Yes, yes, exactly. And laity don't usually understand the life of the clergy family. They've got expectations of the priests and his wife. And they don't often think of the clergy family in situations from their own perspective. And really, why would they, we can only perceive what we know, and what we've experienced. So now my thinking is perhaps with an insight as to how the clergy wife sees her role, supporting her husband, and working for the parish. Maybe the laity can understand her better and understand the priest better. And yes, it's true that we are fallible, and we can we make mistakes, even if we try to keep them secret, or private. However, with good understanding and mutual respect among people within a Christian community, we can form a strong unit within the parish. And isn't that what our goal is?

Hollie Benton 6:27
So from your book, it appears that the wives of clergy really take their roles very seriously. You conducted so many interviews. They seem to always be endeavoring to demonstrate their love for Christ from serving in their role as wife and mother to their immediate family, and then extending themselves to the entire parish. Among those that you interviewed, some use the imagery of living in a fishbowl, as though they and their children have really very little privacy and are always being watched or on display. You know, with this work on servant leadership that we're doing with the Orthodox Christian Leadership Initiative, the phrase "lead by example," often comes up. But the question has to be asked, lead by whose example? It is Christ's, selfless example, and not my own. It's Christ, selfless example, and not that of the clergy wife, that we strive to emulate, and repent. And I, myself inevitably miss the mark. Yes, people are watching, but if we teach and strive to demonstrate the example is not mine, but Christ's example, then we can help turn the eyes of others not to us as an example, but to the better example that we find in Christ. So what would you say to wives of clergy who feel so compelled to lead by example?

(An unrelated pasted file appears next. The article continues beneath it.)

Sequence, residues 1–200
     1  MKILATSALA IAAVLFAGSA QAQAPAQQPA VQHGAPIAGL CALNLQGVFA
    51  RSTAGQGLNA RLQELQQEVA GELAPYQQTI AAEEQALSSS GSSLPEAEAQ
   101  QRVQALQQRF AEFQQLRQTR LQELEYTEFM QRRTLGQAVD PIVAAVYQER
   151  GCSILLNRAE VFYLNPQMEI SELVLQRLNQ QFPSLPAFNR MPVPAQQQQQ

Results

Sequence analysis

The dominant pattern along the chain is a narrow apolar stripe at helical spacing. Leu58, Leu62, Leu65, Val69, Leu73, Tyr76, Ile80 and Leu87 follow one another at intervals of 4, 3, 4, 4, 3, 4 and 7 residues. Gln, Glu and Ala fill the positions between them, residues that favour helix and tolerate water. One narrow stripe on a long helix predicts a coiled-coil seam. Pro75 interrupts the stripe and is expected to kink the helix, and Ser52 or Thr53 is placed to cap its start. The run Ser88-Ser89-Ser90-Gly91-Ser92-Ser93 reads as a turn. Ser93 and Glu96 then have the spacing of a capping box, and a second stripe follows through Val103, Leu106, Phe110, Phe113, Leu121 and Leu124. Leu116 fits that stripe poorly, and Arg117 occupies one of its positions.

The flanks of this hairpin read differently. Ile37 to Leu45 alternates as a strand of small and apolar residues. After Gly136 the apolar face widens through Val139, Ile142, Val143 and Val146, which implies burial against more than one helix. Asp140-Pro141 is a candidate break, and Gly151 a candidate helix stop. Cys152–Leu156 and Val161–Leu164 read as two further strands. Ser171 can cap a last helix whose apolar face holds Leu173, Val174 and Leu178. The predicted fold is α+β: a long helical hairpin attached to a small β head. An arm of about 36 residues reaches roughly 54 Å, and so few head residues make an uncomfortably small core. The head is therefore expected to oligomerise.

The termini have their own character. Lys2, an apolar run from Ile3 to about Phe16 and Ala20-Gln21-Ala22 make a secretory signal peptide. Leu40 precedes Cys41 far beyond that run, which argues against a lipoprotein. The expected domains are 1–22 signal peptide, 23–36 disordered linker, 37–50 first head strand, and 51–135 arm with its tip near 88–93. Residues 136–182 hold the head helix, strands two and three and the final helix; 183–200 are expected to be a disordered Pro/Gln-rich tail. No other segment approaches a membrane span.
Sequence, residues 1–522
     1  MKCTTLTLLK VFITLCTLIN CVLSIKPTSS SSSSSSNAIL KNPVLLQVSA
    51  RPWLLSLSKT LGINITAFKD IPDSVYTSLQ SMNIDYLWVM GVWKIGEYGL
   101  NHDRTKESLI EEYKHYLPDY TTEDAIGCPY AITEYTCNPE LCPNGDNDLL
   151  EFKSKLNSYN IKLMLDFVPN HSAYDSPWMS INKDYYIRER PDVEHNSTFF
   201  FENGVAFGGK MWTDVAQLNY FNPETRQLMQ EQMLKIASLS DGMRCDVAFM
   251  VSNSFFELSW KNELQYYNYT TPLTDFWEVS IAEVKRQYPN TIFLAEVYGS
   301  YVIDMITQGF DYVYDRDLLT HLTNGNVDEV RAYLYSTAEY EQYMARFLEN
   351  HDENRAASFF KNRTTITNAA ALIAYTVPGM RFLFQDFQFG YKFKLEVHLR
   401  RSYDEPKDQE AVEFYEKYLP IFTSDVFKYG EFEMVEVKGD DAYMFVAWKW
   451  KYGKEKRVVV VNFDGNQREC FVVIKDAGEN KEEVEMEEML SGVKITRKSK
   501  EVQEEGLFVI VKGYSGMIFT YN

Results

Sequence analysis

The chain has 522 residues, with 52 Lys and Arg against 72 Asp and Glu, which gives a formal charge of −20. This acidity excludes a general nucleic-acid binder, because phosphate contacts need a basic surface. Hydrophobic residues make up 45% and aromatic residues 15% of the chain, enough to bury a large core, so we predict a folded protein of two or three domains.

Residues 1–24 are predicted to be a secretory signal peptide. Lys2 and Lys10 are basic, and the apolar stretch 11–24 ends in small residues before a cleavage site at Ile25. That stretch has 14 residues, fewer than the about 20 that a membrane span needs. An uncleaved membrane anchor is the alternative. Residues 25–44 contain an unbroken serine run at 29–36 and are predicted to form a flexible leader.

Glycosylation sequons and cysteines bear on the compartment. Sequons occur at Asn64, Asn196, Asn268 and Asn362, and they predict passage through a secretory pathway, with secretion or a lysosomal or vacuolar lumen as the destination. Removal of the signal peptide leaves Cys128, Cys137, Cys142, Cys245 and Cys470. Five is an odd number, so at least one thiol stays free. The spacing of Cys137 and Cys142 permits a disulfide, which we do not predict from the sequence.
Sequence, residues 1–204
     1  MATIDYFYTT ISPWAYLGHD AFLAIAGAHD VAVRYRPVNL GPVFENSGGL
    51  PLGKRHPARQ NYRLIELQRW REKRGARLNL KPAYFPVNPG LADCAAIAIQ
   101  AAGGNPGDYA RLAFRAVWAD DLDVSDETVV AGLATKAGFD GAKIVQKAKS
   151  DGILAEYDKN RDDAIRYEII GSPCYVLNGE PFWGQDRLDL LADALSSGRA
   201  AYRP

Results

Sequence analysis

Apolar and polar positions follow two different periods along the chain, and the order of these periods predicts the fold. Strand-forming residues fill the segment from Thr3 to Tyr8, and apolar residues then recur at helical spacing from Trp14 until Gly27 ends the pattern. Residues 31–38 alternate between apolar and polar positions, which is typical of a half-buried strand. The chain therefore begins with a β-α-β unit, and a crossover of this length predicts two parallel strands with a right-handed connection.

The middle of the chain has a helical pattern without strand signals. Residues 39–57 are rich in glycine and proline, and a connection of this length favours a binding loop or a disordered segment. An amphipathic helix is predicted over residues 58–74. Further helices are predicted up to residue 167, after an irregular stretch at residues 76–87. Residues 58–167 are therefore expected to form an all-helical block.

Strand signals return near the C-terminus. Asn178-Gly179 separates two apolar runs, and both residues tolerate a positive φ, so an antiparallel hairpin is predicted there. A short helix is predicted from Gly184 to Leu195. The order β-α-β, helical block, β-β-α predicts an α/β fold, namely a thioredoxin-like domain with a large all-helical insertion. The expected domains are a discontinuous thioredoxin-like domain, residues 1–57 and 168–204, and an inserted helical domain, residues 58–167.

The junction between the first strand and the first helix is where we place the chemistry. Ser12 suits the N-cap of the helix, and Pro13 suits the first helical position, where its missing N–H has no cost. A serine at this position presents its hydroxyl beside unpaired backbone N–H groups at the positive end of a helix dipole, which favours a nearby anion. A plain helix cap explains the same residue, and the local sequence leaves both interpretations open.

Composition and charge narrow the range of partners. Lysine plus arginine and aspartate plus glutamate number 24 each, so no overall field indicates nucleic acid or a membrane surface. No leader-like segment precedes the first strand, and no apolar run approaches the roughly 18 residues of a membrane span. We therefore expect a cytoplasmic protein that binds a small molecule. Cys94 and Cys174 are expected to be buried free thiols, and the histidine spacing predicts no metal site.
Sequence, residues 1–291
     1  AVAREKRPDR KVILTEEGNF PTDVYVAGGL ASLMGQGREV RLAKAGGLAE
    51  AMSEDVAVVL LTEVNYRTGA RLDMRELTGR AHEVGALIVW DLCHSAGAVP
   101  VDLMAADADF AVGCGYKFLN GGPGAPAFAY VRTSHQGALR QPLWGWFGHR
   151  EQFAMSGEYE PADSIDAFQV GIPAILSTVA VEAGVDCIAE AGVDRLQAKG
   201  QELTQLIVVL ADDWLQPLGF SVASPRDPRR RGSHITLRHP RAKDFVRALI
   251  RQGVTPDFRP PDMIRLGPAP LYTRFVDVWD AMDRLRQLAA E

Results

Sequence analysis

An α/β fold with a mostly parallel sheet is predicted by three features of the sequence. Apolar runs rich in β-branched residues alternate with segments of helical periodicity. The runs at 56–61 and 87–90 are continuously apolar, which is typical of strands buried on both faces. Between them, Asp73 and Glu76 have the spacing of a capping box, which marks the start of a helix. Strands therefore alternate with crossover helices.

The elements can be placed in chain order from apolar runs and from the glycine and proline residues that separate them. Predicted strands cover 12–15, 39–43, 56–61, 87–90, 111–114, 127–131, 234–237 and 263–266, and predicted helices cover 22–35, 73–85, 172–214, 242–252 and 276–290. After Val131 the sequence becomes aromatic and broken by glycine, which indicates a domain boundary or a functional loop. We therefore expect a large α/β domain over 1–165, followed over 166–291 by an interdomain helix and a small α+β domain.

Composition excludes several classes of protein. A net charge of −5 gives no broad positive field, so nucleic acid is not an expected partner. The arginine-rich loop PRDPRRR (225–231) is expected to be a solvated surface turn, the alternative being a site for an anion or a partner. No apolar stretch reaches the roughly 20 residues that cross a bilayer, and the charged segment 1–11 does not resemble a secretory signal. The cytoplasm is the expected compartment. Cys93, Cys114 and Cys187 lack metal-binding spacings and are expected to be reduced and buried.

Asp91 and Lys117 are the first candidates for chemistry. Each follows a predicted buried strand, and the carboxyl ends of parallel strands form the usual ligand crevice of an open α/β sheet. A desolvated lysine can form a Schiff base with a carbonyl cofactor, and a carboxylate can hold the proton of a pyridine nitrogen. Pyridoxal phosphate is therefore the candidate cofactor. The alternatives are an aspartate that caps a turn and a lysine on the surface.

Pr Lillian Lupu 7:47